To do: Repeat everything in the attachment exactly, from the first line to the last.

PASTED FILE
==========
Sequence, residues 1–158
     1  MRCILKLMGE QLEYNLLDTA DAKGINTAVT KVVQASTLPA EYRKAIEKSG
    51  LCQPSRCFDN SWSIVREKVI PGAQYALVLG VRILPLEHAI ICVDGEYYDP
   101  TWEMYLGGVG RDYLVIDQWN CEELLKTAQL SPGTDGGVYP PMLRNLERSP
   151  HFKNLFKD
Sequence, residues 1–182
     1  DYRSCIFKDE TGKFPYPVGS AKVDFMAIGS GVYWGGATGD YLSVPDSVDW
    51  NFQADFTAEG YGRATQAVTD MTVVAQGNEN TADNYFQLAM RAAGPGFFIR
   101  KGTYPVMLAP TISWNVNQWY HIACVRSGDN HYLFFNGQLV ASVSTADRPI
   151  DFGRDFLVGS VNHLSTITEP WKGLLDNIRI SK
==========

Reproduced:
Sequence, residues 1–158
     1  MRCILKLMGE QLEYNLLDTA DAKGINTAVT KVVQASTLPA EYRKAIEKSG
    51  LCQPSRCFDN SWSIVREKVI PGAQYALVLG VRILPLEHAI ICVDGEYYDP
   101  TWEMYLGGVG RDYLVIDQWN CEELLKTAQL SPGTDGGVYP PMLRNLERSP
   151  HFKNLFKD
Sequence, residues 1–182
     1  DYRSCIFKDE TGKFPYPVGS AKVDFMAIGS GVYWGGATGD YLSVPDSVDW
    51  NFQADFTAEG YGRATQAVTD MTVVAQGNEN TADNYFQLAM RAAGPGFFIR
   101  KGTYPVMLAP TISWNVNQWY HIACVRSGDN HYLFFNGQLV ASVSTADRPI
   151  DFGRDFLVGS VNHLSTITEP WKGLLDNIRI SK